Tag Archives: right hand

Murphy HenryI have one thing to say about right-hand position on the banjo: if it hurts don’t do it! If someone tells you you should hold your hand in a certain way and it hurts don’t do it! If someone says this is the way Earl did it or J.D. did it and they are great banjo players so their way must be the right way and their way hurts you don’t do it!

And now I’ve said more than one thing, but the sentences all end the same way so it really is just the one thing, said three times in different ways in case you didn’t get it the first time: If it hurts don’t do it!

I don’t care what anybody says you do NOT have to keep both fingers (ring and little) down on the head. Nor do you have to have a great deal of arch in your wrist. There is NOT NOT NOT only one “correct” way to hold your right hand. There are many “correct” ways to hold your right hand (that’s the hand with the picks on it [unless you play left handed 🙂 ] ), and you have to find the one that is right for you. And once you’ve found something that works and is comfortable, stick with it. Don’t be changing your hand position just because someone tells you to.

Murphy HenryMark, who has been taking banjo about six months now, and I had an interesting discussion at our lesson tonight. Mark said he’d been watching clips of really good banjo players picking on U-Tube and he noticed that all of them look at their left hands and none of them look at their right hands. Mark, on the other hand (no pun intended, I swear), looks at his right hand exclusively. He told me that he thinks this is hindering him from picking up speed. He’s afraid he’ll never be able to play fast if he keeps looking at his right hand. I told him I knew what I’d be blogging about tonight!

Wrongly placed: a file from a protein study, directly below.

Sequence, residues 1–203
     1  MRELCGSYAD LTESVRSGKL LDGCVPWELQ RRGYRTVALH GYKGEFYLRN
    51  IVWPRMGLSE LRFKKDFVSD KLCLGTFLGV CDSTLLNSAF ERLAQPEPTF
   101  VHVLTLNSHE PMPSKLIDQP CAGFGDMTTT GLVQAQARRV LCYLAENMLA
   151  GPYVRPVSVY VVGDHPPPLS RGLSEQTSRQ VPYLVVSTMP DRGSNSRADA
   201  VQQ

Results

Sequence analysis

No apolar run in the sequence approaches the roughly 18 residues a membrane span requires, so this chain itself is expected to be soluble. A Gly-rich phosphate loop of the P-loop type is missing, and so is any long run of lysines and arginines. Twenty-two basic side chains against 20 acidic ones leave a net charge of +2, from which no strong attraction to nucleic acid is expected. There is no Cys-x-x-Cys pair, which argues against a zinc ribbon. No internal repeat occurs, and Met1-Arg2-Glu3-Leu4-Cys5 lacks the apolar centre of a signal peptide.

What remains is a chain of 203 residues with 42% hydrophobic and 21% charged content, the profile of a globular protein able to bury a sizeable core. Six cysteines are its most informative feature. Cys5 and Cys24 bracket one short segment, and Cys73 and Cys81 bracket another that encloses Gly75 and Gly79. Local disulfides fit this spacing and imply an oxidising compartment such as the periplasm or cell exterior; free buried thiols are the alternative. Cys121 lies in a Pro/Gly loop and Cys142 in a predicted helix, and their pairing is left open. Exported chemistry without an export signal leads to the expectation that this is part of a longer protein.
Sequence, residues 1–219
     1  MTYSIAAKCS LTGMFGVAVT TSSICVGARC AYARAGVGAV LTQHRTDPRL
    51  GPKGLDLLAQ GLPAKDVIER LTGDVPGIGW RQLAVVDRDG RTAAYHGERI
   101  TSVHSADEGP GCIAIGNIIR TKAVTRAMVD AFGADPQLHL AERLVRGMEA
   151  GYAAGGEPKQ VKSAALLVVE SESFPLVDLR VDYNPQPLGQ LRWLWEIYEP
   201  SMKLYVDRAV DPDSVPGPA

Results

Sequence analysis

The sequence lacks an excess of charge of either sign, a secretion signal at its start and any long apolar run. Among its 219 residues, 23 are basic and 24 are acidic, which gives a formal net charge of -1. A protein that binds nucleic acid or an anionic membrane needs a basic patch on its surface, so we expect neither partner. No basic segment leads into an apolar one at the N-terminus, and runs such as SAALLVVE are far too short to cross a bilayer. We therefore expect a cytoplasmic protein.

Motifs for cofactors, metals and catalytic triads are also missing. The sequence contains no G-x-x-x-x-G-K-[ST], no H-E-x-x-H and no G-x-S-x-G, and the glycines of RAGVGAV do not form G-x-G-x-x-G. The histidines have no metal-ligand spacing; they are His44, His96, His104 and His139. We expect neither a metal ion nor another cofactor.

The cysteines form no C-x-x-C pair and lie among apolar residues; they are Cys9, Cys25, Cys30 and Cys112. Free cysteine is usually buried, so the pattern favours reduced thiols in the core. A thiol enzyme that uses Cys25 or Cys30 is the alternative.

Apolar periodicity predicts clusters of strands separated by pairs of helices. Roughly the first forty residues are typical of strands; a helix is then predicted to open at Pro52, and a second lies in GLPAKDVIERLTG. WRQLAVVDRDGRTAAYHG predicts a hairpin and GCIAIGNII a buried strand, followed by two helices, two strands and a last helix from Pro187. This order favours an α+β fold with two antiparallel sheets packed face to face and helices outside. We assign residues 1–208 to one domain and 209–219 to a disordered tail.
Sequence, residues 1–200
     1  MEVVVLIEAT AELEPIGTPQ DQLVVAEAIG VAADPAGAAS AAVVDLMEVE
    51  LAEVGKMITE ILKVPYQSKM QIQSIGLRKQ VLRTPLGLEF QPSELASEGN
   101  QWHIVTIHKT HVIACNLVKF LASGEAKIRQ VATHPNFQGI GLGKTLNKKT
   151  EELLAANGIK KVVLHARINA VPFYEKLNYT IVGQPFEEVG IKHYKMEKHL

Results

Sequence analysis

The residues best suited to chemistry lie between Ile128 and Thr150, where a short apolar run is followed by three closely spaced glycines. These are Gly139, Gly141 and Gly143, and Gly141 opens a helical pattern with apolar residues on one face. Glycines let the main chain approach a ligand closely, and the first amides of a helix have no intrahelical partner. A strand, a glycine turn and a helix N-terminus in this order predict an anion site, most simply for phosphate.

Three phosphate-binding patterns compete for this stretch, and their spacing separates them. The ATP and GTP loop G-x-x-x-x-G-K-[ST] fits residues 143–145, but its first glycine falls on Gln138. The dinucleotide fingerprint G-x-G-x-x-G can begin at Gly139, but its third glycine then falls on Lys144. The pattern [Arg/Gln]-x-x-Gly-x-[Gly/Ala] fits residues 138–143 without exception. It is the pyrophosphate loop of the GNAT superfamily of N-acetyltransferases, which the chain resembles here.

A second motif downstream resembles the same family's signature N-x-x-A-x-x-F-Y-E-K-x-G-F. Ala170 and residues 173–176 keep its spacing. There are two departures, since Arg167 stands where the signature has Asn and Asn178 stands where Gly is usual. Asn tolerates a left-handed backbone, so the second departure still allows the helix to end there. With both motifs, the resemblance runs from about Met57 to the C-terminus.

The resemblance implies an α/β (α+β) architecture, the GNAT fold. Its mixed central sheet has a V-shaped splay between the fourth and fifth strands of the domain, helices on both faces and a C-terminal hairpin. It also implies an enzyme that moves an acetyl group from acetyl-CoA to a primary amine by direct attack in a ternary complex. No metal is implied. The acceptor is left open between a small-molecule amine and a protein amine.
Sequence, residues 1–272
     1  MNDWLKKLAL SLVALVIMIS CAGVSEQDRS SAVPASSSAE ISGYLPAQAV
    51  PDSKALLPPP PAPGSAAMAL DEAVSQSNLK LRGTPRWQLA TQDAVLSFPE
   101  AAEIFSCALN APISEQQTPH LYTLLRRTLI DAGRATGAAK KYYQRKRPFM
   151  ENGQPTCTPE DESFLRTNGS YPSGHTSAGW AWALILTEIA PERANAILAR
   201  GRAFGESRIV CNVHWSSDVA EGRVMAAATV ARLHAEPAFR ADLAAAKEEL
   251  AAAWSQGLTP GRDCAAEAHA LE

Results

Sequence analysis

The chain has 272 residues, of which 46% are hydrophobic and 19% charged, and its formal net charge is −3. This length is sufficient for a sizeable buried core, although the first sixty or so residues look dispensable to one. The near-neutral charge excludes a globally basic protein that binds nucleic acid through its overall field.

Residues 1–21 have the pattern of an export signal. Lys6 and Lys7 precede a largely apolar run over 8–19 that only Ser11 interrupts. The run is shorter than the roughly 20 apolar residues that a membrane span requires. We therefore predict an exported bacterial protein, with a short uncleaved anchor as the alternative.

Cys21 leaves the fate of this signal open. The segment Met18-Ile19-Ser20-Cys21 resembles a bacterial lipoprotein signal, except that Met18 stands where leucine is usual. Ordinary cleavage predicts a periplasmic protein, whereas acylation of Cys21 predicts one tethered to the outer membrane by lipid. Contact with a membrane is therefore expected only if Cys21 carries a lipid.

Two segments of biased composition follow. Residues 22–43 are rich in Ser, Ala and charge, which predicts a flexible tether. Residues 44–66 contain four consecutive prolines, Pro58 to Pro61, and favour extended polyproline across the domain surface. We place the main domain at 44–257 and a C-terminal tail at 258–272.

Initially I wasn’t too concerned. After all, he’s still a beginning player and he’s really doing well. He’s a little over the one song a month average and he can vamp and come in off the vamp for his breaks. What’s not to like?

But then he told me that when he’s looking at his right hand he’s actually thinking of the strings he’s hitting, as in 4,2,3,1/5,3,4,1. (That’s the double square roll, usually in C chord.) Then I got concerned. Because if he’s thinking of the individual strings, then, he’s right: he’ll never be able to play fast. You don’t want to be doing the Cripple Creek lick and thinking 3,2,5,1.

So, of course, I then asked him to play something easy and NOT look at his right hand. He played “Banjo in the Hollow” and, while it was really hard for him not to look at his right hand, he could do it. Ditto “Cripple Creek” and even “Foggy Mountain Breakdown.” The songs even sounded smoother to me.

I told him that since he obviously could play the songs without looking at his right hand, what he was doing was pure habit. Is it a bad habit? I’m not sure. But since Mark was concerned, I told him to start out with easy songs, play them slow, and make himself look only at his left hand.

He told me that in just trying not to look at his right hand on those three songs he was already experiencing quite a bit of anxiety.